The students were given a huge 600+ piece K'NEX EDUCATION Solar Energy System. The goal was to build a working car that would be raced against teams from 40+ area schools later in the day. I was not allowed to help them--I was relegated to keeping time, offering words of encouragement and trying to keep the other teams from blatantly cheating. Instead, the students were aided by a university engineering student who worked well with them.
I saw immediately how excited and engaged these students were. As soon as we began they were talking about aerodynamics, how engines work, and how different weights and designs would effect the final product. After 2.5 hours of work inside a campus fine arts auditorium, however, our car was only partly finished. We headed out to the campus track to test and fix our car.
As per usual in south Texas, it was blistering in the midday sun (my face is an enchanting shade of red) and our car was not ready. The kids never gave up--there were plenty of teams that threw in the towel early, but these kids worked hard to figure out how to get it working.
The first of 3 trial runs was a disaster. The car didn't move an inch. When the trials started, the time in between to make adjustments was short, so much so that the kids were willing to skip their second trial to completely redo the car to make it work. They tore it all apart, moved the engine around and changed entirely the way it made the wheels spin.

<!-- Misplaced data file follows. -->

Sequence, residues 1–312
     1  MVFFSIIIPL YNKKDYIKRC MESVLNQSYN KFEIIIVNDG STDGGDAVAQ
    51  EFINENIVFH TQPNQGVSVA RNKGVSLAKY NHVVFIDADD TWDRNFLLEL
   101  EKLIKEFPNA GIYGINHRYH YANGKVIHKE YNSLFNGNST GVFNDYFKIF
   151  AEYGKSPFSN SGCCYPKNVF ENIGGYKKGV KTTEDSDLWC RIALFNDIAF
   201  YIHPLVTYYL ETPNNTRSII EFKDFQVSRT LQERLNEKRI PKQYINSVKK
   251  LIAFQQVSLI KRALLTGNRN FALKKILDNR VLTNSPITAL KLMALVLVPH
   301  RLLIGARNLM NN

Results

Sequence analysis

But this time, it worked.
There was almost no time for testing--one dry run was it before it was time for our third and last trial. The rules stated that the top ten times of all trial runs would make it to the finals. I had been running back and forth between the other trials and their diligent work, and it became clear that very few of the cars were even reaching the finish line. This meant that with one good run we had as good a chance as anybody to make the top ten.
And so there I was, sweating and trying to calm my restless leg, feeling useless and helpless because I couldn't do anything to help them besides tell them that they still had an excellent chance.
Once the car started, it just kept going, reaching the finish line successfully in about 17.6 seconds. The kids were ecstatic for simply making a successful run, as they too had seen very few cars make it at all. When the results came in, we didn't just make it by a thread. We rocked the house: the 3rd fastest trial of the 40+ teams out there. I could barely contain myself that not only had they persevered and made the finals, but had a legitimate shot at placing and going home big winners.
Did I mention the prizes at stake?
- 1st Place: Laptops for every student
- 2nd Place: iPods
- 3rd Place: iPod Nanos
I could rehash the griping about the inconsistent enforcement of the rules and the underhanded tactics of other teams that I made to the people in charge after our miracle run ended, but the truth remains: in what could have been their finest hour as would-be engineers, the car once again wouldn't work. Even if the team that went on to win first place had been dealt with appropriately, it wouldn't have changed our outcome, and that was the hardest thing to accept.
Except that it was only me who had trouble accepting it. My students were disappointed, but still riding the high of success in the face of failure, of triumph on what could have been dismissed as just another day off from school. They saw and heard my outrage, and they understood it, but their spirits were never crushed. I realized that they had accomplished everything I could have hoped for and more. In their words:
- "At least we had fun!"
- "I learned never to give up."
- "We can come back next year, right?"
- "When's the next competition?"
- "Sir, are you going to have the kit? Because I want to build another one."